If we go back to Marvel's new Indy style and finish, all of Nick Spencer's fresh developments make sense. This is the same guy who writes Morning Glories, a comic full of dark mysteries and secrets. In a number one issue of a new independent series, secrets are essential; they can hook new readers into learning what's next and use their own imaginations to fill in what's unseen in a fresh new world. The more shocking events can grab our attention and with a fine balance of explained and unexplained theory for those events, it can excite and engage the reader like a fine mystery novel. Slowing the pacing down on big reveals and new twists and turns can make for a lovely trade and a clear beat by beat timeline to build this new world in. Mr. Spencer is bringing a lot of his style into the Secret Avengers, but this is the one time I don't think that indie style can work. Hawkeye and Black Widow are appearing in other books. S.H.I.E.L.D. and Agent Maria Hill are featured in other titles. These locations are used in other books. The Thunderbolts are even technically taking their schtick of fighting the evils that the Avengers stand above with extreme methods!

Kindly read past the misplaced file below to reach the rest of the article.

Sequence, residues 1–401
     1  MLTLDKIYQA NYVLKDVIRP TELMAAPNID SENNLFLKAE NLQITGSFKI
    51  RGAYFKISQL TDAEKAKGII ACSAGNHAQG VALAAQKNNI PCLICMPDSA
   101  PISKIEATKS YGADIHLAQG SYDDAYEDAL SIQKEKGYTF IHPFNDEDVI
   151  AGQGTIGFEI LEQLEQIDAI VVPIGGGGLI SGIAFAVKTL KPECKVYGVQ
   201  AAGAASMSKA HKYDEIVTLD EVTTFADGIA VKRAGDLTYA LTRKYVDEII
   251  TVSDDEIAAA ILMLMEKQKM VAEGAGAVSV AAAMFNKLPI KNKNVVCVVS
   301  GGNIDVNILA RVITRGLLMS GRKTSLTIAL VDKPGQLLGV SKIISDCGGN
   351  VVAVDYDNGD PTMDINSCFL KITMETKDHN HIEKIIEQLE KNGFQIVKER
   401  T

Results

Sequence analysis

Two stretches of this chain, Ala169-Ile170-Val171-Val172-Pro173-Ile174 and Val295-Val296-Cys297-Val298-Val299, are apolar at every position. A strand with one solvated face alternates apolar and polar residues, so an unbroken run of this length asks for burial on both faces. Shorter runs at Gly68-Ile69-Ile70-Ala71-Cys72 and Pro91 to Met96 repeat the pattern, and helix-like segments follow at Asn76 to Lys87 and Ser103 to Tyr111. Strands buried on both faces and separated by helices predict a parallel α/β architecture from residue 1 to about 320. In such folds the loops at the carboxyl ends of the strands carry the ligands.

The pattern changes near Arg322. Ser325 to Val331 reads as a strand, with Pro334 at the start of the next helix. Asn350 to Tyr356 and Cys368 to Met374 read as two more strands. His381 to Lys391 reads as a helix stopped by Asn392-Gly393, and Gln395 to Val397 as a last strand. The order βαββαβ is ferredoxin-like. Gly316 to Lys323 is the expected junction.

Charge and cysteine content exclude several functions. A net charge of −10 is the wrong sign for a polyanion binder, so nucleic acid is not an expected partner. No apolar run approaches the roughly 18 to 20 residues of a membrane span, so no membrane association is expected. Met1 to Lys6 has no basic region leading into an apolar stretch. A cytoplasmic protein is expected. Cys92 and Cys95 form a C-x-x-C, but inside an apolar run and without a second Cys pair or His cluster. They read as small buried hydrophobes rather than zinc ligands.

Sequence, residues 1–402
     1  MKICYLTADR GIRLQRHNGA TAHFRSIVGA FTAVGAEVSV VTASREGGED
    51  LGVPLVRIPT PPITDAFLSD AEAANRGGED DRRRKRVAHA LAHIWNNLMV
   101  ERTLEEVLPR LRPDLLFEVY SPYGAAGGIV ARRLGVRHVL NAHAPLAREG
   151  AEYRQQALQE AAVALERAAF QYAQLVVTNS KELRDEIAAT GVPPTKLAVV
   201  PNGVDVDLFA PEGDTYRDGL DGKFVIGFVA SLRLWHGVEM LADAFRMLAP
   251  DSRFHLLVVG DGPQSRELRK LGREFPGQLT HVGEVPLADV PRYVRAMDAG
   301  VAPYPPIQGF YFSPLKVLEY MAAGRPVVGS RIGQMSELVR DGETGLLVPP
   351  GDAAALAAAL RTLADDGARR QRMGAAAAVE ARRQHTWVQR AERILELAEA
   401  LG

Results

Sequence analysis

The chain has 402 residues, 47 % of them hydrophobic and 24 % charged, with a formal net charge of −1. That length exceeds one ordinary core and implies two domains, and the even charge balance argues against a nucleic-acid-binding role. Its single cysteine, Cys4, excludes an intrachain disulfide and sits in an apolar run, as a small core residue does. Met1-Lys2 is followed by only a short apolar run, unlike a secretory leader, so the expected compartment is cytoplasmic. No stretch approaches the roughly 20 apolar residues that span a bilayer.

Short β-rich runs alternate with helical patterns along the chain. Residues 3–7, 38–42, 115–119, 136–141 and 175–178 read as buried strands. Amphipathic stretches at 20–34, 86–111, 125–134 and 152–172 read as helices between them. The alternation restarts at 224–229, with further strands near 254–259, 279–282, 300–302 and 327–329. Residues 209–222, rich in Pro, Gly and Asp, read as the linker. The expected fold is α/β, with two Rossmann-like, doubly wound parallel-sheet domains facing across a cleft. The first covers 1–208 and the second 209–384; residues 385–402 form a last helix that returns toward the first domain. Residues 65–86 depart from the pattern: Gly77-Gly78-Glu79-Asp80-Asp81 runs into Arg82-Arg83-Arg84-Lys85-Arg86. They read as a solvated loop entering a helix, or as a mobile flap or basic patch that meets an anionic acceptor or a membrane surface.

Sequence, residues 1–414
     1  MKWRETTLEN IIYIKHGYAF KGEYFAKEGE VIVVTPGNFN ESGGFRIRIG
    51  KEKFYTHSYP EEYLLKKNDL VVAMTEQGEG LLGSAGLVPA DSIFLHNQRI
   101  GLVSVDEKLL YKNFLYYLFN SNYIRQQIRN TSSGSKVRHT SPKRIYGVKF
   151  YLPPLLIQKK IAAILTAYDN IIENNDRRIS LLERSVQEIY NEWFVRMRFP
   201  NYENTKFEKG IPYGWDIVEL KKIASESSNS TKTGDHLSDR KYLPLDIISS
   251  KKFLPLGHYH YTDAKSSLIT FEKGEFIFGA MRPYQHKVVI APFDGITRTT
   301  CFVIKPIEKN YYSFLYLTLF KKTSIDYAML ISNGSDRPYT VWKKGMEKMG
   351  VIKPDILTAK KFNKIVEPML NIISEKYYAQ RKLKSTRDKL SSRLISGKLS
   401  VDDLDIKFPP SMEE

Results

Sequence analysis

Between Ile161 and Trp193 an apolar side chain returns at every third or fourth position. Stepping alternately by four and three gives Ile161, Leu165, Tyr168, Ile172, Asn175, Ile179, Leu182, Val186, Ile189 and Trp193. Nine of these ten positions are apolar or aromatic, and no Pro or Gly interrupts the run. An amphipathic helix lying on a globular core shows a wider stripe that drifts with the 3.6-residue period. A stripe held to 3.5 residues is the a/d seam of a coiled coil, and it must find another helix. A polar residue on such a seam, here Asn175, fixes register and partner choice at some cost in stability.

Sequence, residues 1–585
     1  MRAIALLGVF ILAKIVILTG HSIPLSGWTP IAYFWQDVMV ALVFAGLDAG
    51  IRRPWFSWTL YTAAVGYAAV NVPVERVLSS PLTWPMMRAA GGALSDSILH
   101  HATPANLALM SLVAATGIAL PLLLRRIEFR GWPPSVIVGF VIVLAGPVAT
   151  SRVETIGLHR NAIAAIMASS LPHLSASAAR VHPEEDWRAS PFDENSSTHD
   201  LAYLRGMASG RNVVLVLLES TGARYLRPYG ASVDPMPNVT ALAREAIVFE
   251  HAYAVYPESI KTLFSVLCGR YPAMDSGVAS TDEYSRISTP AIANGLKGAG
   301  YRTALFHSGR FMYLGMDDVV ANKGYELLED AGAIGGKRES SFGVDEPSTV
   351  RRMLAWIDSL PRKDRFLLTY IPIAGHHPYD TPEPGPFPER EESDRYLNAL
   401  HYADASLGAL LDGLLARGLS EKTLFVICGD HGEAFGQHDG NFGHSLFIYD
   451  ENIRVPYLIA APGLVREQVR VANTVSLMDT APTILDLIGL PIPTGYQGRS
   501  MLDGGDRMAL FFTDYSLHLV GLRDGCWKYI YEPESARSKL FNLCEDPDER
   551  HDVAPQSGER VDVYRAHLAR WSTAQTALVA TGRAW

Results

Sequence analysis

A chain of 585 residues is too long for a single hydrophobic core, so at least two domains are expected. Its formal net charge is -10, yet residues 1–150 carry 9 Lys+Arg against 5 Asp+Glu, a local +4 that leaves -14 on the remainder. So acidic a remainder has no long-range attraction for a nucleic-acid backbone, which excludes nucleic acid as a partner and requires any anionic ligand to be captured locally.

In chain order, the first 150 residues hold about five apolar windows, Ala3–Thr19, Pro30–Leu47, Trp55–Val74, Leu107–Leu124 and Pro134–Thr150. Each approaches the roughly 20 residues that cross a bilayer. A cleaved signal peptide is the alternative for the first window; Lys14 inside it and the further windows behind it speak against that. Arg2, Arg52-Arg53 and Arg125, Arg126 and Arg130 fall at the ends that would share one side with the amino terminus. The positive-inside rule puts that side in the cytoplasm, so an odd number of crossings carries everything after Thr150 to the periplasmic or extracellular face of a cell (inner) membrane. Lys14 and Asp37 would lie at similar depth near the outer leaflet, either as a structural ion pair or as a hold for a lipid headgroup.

Despite our many Avengers-laden titles, Secret Avengers is one we need on the stands. A nice balance between classic adventure and more modern crime-fighting, it a good start for readers looking for less of Hickman's lofty goals in Avengers and New Avengers and for something more complicated and enriched than Avengers Assemble. You're a fan of the movie but want to know more about the Marvel universe. You're a long time comic fan but don't want to hit the official handbook every time you want to understand the plot. There is a place for this style of Avengers story and it could sell incredibly well to two different demographics. Sadly, the first issue got tangled up in it's own premise and took a few turns that might not jibe with their readership. Hopefully, this is a case of first-issue-itis, where nothing makes sense until around Issue 5. Nick Spencer has a great comic writing history of his own, so here's hoping he can trust in our characters' histories if we're willing to take a chance on his.